Exclusive Interview: 80’s Action Legend Michael Dudikoff talks Cannon Films and NAVY SEALS VS. ZOMBIES


Cannon Films legend Michael Dudikoff talks to SHOCK about his career, family and making a comeback in NAVY SEALS VS. ZOMBIES.

Now on DVD and VOD is first-time director and former NASCAR driver Stanton Barrett’s testosterone heavy NAVY SEALS VS. ZOMBIES, a tough-as-nails romp about a muscle-bound troupe of battle-scarred vets facing off against a horde of flesh-eating zombies.

Sure it’s all low-budget hokum, but there’s nothing wrong with low-budget hokum when it’s executed with this much earnestness. This straight-faced approach to shoot-em-up genre fare suited the Go-Go Boys, Menahem Golan and Yoram Globus of the lamented Cannon Films, remarkably well in the 1980’s and that spirit is alive and well here. In fact, with its steel-jawed leads, urgent score and endless gun battles, NAVY SEALS VS. ZOMBIES indeed feels like a long lost Cannon flick. And the fact that Cannon legend Michael Dudikoff is in it, further hammers that vibe home…

Dudikoff, as most serious scholars of cult 80’s action cinema are well aware, was the golden boy of Cannon, having starred in scores of hit flicks for the studio, including the popular AMERICAN NINJA films, the scrappy AVENGING FORCE and the underrated ‘Nam drama PLATOON LEADER. But really, those credits only scratch the surface in what has been a long, varied and prolific career pretending to be other people in from of an ever vigilant lens.

In NAVY SEALS VS. ZOMBIES, Dudikoff takes a break from kicking-ass to play the rigid Col. Sheer, a roughneck military man whose guidance helps the heroes navigate the zombie apocalypse. For those of us raised on the actor’s presence, it’s comforting to see him back where he belongs, making unpretentious, escapist fantasies for those folks just looking for 90 minutes of fun, fantasy violence and maybe even a dose of morality.

SHOCK caught up with Dudikoff to talk about his work with the now defunct Cannon Films, his return to cinema with NAVY SEALS VS. ZOMBIES and, most poignantly, passing on the wisdom of his beloved father to his own children.


SHOCK: There’s a moment in Mark Hartley’s Cannon Films documentary ELECTRIC BOOGALOO, where you get pretty emotional discussing your feelings about Golan and Globus. It really must have been a wild time back then…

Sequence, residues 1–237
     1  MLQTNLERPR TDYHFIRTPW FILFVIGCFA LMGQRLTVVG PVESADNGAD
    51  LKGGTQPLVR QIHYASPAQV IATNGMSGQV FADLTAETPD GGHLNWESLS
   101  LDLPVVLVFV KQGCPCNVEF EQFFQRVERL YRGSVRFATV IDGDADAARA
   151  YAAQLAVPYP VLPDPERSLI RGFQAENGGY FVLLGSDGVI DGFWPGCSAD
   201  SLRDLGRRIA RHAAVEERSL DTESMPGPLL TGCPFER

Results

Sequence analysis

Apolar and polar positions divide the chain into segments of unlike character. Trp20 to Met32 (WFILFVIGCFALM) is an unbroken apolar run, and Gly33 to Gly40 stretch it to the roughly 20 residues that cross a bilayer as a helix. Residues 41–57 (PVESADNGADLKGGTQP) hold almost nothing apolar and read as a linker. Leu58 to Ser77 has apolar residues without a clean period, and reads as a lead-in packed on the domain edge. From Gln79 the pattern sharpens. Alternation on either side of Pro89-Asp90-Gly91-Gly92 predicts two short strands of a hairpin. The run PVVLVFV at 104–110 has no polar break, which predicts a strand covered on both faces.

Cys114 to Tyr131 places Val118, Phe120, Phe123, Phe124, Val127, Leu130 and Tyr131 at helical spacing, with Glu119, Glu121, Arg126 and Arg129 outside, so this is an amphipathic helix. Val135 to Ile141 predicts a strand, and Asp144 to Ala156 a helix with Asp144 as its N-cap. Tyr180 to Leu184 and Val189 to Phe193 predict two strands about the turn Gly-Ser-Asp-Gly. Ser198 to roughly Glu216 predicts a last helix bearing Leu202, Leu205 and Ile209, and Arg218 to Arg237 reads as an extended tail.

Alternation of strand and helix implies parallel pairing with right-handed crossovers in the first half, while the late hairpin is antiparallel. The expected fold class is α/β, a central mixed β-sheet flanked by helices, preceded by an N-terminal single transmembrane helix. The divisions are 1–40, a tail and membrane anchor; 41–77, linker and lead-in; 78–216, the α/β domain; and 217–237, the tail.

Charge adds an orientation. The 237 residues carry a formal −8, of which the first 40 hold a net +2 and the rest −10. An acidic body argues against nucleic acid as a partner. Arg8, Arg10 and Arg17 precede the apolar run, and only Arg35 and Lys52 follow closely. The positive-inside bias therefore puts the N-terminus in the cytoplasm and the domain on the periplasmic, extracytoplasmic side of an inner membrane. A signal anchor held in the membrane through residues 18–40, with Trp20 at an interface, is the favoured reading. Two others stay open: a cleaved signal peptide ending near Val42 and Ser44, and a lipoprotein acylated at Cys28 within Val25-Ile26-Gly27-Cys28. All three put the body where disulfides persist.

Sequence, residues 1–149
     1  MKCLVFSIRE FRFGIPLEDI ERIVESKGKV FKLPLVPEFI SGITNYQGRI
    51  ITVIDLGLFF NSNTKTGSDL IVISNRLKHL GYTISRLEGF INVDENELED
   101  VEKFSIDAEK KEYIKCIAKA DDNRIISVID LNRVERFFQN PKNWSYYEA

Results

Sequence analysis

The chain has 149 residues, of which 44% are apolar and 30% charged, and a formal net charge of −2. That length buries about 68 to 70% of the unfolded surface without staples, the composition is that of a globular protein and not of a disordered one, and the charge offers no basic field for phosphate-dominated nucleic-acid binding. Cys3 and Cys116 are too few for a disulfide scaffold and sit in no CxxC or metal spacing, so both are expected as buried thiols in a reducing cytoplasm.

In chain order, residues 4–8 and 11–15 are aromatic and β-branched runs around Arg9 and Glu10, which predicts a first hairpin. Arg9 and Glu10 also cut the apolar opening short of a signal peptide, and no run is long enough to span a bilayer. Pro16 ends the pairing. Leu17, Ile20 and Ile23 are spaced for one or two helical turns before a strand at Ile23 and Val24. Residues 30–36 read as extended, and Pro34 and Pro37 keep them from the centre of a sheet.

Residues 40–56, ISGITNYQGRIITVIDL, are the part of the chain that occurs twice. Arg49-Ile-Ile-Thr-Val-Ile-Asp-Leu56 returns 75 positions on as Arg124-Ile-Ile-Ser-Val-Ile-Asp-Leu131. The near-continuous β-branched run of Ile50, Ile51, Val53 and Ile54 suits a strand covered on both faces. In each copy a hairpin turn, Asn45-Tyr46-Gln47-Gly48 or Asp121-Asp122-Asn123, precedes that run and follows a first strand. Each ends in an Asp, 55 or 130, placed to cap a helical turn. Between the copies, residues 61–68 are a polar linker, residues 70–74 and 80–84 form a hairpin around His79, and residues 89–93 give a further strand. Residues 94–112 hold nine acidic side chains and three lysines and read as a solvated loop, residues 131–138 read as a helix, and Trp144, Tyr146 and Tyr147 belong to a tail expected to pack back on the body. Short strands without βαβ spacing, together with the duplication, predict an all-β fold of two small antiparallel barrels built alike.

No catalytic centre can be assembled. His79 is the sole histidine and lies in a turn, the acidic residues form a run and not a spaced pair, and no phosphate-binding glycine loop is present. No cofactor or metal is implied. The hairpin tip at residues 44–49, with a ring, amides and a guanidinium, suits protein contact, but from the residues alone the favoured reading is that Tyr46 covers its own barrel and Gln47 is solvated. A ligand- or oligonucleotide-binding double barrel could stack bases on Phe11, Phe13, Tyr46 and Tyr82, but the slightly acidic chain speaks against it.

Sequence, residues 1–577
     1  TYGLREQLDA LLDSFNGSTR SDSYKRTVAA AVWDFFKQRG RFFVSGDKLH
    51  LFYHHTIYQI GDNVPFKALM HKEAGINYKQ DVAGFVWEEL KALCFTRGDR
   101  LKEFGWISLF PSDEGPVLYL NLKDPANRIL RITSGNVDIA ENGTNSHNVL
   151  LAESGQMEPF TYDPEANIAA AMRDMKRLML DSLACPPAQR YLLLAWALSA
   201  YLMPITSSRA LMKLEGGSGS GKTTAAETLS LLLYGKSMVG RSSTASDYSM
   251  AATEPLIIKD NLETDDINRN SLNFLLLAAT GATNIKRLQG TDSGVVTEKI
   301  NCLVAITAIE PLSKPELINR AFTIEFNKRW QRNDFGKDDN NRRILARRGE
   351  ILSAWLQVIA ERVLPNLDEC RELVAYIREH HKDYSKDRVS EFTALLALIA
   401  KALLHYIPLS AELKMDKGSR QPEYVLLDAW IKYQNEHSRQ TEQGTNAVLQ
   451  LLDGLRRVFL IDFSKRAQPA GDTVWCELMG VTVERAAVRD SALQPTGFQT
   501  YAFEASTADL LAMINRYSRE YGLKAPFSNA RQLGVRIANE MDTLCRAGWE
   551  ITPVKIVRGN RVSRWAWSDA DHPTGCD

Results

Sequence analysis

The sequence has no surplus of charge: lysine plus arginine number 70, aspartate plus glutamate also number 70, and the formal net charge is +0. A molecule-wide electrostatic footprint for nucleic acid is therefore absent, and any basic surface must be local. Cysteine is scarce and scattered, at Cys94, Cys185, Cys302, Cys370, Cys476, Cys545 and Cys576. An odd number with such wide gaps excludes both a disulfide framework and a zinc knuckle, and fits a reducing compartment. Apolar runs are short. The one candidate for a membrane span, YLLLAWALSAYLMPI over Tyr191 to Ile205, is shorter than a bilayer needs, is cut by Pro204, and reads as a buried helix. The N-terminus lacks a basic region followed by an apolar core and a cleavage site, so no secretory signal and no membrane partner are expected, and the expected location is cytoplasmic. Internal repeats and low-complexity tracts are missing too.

DUDIKOFF: Oh, man, you have no idea. I mean, where would you find such colorful characters today? These guys, well, they did deals on napkins and Menaham Golan, well, he truly was a little boy; he just loved the movie industry and being around that was captivating. He made me want to be part of this crazy business. He inspired me and just being part of the Cannon family was exciting. I never knew what I was going to do until I got the script and then, bang, I was doing it. And man, there were so many things I was told I was going to be; I was going to be SUPERMAN; I was going to be SPIDERMAN. At one point they said they were going to put me together with Charlie Bronson in a picture and that’s what I really wanted to do. That never did happen. But they were working on it…


SHOCK: Looking over your filmography, there is one title that I always grooved on as kid and that’s 1988’s PLATOON LEADER; I saw PLATOON LEADER before I saw PLATOON and I always preferred it. Do fans ever approach you about that picture?

DUDIKOFF: They sure do. That was based on a true story, a book. I loved that movie. We filmed it in South Africa. Playing that role was really exciting because a lot of the actors in that show, well, they really wanted to do some real acting. We all tried to make it better than it was written and we really collaborated. Thinking back on that, gosh, it was an exciting time. A lot of my fans wanted a sequel, in fact and strangely I heard that at one point the military was using it as a recruiting requirement to show to new recruits!